A note on death wishes, birds and loving travel

I thought I’d finally lost it — not my mind (though some would argue otherwise) but something much dearer to me: my love of travel. I can’t put my finger on exactly when it happened or how, but to put it plainly, I got lazy. The thought of traveling for days on end with a constant line of dirt under my fingernails, unable to escape the odor of sunscreen, sleeping in a foreign bed every night and forgoing the comforts of my reliably repetitive, if mundane life made me feel suddenly very, very tired.

It was embarrassing to feel this way — saddening, too, as I recalled the memories of squealing at the sight of blue-footed boobies in the Galápagos only three years ago. I wondered miserably whether this was what adulthood felt like, or at least whether this was the beginning to a life of lethargic misdirection, or one of no direction at all.

Who knew that what it would take to reverse my increasing mental likeness to a couch potato was fifteen days with 14 girls, 4 teachers and the Guardians of the Galaxy playlist in a Ritchies van across the North Island with the unfailingly cheery Mandy at the wheel? 

I am scared of birds and dying by surprise (I feel O.K. about a death foretold). With these girls by my side — a few I knew well, others I hadn’t spoken a word to all year and others still I expected I wouldn’t know how to speak with at all — I faced these fears. As a black cob (male swan) with a bright orange-red beak (dipped in blood?) sped towards our jet boat — which with our wildly energetic driver at the helm, had sent huge waves to upset his cygnets (baby swans) and their mama — I, sat in the front row, laughing (O.K., I was tearing up a little and I thought my heart might pound its way out my chest), only separated from this aggressively approaching bird by Julia. I laughed still (while mentally scripting my will), as we sped off at the bare nick of time and as I heard shouts that the swan was chasing us like all hell, not far behind.

It occurs to me that this idea of my laughing hysterically as I internally considered the details of my death might sound a little macabre/a lot insane. I promise I’m (probably) not insane, and definitely not morbid. The first and last horror movie I watched was in 2009 and from what I gathered from the laughs of the people watching with me, it was (supposedly???) not very scary. Proof’s in the pudding.

Anyways, I was seriously afraid, as I catapulted myself backwards into a dark cave filled with water and glowworms and sharp edges, holding a life preserver to my butt. But with the girls (and Martino) in front of me and behind, holding out hands and talking me through it and singing ballads from Disney movies, it felt kind of okay. To be honest, I probably would not have jumped at all, without the comfort of that knowledge and that trust. Somewhere in that moment, it hit me that the water was actually very shallow, and the possibility of me dying here in these harmless waters hilariously close to zero.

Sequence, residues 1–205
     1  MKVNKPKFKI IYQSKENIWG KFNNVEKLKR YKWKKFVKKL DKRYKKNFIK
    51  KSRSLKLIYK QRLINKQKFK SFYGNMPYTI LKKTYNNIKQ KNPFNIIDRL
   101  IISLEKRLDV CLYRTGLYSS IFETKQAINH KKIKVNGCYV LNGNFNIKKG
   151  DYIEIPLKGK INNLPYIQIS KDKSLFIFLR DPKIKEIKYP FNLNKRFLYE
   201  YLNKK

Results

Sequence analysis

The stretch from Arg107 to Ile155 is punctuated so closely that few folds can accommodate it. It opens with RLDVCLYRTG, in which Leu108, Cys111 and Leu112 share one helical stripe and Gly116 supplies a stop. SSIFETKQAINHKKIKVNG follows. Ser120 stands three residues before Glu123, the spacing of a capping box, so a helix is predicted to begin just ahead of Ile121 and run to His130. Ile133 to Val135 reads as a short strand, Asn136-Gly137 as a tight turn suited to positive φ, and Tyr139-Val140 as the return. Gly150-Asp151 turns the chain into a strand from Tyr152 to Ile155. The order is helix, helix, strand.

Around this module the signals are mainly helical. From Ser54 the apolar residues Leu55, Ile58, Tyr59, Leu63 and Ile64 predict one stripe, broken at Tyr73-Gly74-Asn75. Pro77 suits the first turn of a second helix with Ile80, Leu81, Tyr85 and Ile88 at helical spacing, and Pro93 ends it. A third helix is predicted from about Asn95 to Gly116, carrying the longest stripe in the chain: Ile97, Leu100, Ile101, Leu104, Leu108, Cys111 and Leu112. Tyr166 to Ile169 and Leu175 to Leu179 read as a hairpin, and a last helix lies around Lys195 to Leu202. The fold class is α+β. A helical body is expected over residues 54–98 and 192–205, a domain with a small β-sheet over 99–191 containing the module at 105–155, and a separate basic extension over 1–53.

I felt strong and more alive than I’d felt in a while, even as my kayak lagged behind all the others. The salt crunchy in my hair, sand in my swimsuit and the sun heating the top of my head, I realized, dipping my hand into the cool waters of Cathedral Cove, that I was not only completely content but also in a unusual state of mental clarity. I tossed back into the waves the frightening thought of returning to cell service and wifi, email pings and alarms. 

All it took was fifteen days with many great people to restore a grave loss, to return my love of travel. All it took was a uniquely uplifting experience, a sunny group of girls making conscious efforts to be together, present and reflective, encouraging of each other and open to getting to know one another, treating strangers as friends in order to make friends out of strangers, and taking every struggle as a gift — fierce pukanas at the ready.

To my relief, I am no longer planning my future like I’m seeking a retirement home or preparing for a life of depression within the walls of my dead-end job doing zilch to contribute to the good in the world (read: melodramatic teenager). Instead, thankfully, my mind once again wanders to past fantasies of backpacking through South America and Europe, traveling alone, traveling with friends, making unexpected friends and putting trust in the universe (and hotel hygiene and sanitation standards), instead of in my routine.

My faith in travel restored, I’m beginning to understand that what matters is not where you travel, not really. It’s with who. It’s with what mindset, what soundtrack, what lightness of being. It’s what jokes you make, what friends you make. Ultimately, it is what you make of all of what you get.